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Willoughby: Contrast and copper wires

May 16, 2023

News News | Jul 9, 2023

Sometimes, it is contrast that accentuates our observations. After looking at this photo, instead of thinking about a picnic in the park, you are reminded of a powder day last winter. Looking at all the power lines and telephone poles; you may be thinking, “What a blight on downtown.”

Mining Era Aspen, when that photo was taken, was proud of those copper lines. They represented progress in the modern era of electricity and telephones. The snow would have set their muscles aching from exercise in a snowstorm, but what they would really recall were the calamitous events where snowstorms and copper wires clashed.

Aspen was one of the early cities to have electricity. The Roaring Fork Electric Light and Power Company harvested hydroelectric power and sent it to the mines to operate water pumps and other vital equipment. They simultaneously wired downtown Aspen businesses and, after stringing wire around town, connected homes to the grid.

With power poles and electricity, Aspen tapped a technology advance and wired a fire alarm system with fire boxes distributed around town and connected them to the volunteer fire departments. A limited phone system connected many homes with local businesses.

In 1908, someone was moving a house down a street, and it tangled with the overhead wires, pulling down some lines and poles and knocking out the whole system. The Aspen Democrat warned, “In case of fire, do not depend on the fire alarm boxes, but get word to the chief direct.”

The next year, Aspen forged an agreement with Colorado Telephone Company to connect all of Aspen and to connect it to Leadville. To get that company to take on the infrastructure project, the City Council enacted an ordinance to allow them to “string wires and poles along streets and alleys, except where it would interfere with a gas lamp, electric light, or water hydrant.” The poles had to be at the outer edge of sidewalks and, in alleys, had to be close to property lines, and they couldn’t interfere with vehicles passing through.

As you can see, it did not take long to string countless wires on hundreds of poles. The telephone service was the primary problem. It took many more lines than for the fire alarm system or for electricity.

All went well until April 1919.

What was described as “the most disastrous storm in the history” of Aspen struck. It began “as rain, then sleet, at times the watery flakes were as large as silver dollars.” The sleet turned to ice and began coating the wires. Overnight, the lines with the ice developed a diameter of three inches. The storm continued into the next day, and without warning, the heavy lines pulled the poles, over and the whole system crashed to the ground. Fortunately, no one was hurt, although a power company worker got a shock from a live wire.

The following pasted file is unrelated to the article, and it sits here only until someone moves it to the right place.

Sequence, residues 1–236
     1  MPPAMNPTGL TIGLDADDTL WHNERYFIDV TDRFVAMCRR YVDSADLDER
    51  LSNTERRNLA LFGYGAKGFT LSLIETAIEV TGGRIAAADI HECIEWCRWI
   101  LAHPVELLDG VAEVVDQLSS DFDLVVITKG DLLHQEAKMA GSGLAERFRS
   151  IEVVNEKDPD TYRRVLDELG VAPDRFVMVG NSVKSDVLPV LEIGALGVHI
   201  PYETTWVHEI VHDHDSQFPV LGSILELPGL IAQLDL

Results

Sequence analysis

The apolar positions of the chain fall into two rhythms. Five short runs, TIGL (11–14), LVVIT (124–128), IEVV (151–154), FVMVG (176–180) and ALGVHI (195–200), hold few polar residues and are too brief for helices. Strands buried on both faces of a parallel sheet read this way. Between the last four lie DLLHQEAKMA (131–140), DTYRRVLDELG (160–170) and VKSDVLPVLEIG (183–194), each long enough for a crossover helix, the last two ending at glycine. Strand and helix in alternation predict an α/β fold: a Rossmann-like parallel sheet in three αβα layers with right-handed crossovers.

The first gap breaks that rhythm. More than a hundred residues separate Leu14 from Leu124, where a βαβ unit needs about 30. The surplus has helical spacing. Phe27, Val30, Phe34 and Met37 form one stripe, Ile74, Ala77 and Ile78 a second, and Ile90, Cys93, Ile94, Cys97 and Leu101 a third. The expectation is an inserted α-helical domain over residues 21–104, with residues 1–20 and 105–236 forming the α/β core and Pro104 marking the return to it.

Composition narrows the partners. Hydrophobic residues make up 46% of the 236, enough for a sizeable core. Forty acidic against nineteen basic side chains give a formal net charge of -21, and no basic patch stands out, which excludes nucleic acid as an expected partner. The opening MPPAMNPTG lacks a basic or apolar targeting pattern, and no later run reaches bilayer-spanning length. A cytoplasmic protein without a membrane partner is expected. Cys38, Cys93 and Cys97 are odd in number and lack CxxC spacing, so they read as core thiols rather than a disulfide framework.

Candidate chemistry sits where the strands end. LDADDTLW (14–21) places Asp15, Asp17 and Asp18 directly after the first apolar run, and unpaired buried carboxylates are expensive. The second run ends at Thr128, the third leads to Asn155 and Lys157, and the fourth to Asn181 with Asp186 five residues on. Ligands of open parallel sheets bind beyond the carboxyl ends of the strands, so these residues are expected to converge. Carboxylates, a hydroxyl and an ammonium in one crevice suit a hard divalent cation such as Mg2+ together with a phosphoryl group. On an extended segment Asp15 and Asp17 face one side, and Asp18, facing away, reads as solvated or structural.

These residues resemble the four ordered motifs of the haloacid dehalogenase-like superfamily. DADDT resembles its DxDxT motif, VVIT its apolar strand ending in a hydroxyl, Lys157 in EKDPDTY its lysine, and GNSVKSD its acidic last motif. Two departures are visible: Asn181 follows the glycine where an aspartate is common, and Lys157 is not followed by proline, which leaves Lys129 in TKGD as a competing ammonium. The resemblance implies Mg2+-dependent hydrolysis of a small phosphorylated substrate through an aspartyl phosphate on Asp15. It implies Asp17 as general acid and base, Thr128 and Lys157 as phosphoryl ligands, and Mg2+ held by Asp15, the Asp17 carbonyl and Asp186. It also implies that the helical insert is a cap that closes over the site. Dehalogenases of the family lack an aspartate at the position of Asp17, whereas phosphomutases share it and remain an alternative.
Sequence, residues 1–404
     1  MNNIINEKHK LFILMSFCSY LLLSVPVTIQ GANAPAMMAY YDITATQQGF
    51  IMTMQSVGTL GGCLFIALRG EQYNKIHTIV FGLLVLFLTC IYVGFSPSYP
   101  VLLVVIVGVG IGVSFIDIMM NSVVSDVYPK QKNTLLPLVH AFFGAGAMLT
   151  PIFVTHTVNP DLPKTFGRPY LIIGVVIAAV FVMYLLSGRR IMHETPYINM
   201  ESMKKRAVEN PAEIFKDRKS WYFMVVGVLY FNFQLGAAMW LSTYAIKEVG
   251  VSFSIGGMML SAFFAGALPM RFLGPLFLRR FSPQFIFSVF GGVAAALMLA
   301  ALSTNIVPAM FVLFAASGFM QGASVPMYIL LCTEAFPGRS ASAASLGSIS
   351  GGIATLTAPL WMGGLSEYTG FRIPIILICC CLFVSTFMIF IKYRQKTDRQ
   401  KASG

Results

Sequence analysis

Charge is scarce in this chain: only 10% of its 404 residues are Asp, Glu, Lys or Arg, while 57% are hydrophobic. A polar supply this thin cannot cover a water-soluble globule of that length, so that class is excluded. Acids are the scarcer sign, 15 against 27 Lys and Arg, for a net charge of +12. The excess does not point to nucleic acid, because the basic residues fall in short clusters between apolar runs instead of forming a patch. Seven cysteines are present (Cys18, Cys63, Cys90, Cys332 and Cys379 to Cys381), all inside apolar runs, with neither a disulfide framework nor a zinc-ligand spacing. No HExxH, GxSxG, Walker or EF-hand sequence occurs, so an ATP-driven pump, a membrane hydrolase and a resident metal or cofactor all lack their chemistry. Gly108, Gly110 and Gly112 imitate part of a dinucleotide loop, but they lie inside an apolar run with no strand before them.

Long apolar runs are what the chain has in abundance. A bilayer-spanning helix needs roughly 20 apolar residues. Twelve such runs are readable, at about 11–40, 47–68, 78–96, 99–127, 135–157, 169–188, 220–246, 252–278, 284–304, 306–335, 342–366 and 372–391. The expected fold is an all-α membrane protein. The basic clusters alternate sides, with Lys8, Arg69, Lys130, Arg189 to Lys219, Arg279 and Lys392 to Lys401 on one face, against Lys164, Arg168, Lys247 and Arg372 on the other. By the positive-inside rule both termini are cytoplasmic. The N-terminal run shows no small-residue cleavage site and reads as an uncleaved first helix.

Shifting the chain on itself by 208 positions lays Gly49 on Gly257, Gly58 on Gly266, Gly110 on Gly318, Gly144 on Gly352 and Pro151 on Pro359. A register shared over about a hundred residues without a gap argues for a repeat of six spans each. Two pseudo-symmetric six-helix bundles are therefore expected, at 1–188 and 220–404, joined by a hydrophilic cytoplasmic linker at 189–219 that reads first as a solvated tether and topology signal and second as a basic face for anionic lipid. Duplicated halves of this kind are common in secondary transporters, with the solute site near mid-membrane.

206 poles went down. The town was without power. The phone system was dead.

Around two dozen linemen were sent to Aspen right away and work began. Power was given priority, and because there were many more telephone lines, they decided to cut all the phone lines, reset about half of the poles, and put the power lines back up. They prioritized getting power back to the mines, so men could go back to work, getting the fire alarm system working, and getting power back to physicians’ offices.

The phone system took much longer. A toll line reconnected to Leadville, so Aspen wasn’t cut off from the world; but with poles down and wires all cut up, they realized they would need to rebuild the system. As it turned out, Colorado Telephone had already planned to upgrade Aspen’s system with lead-covered cables strung on new poles. One local said, “This should add materially to the general appearance of our streets and give the town a more modern appearance.”

This isn’t the only era of supply-chain problems. Phone companies all across the nation were upgrading their phone systems. Aspen had to wait until fall before the poles and lines arrived and were installed.

Tim Willoughby’s family story parallels Aspen’s. He began sharing folklore while teaching at Aspen Country Day School and Colorado Mountain College. Now a tourist in his native town, he views it with historical perspective. Reach him at [email protected].

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Tim WilloughbyLegends & LegaciesPhoto by John Bowman around 1910 of a winter storm.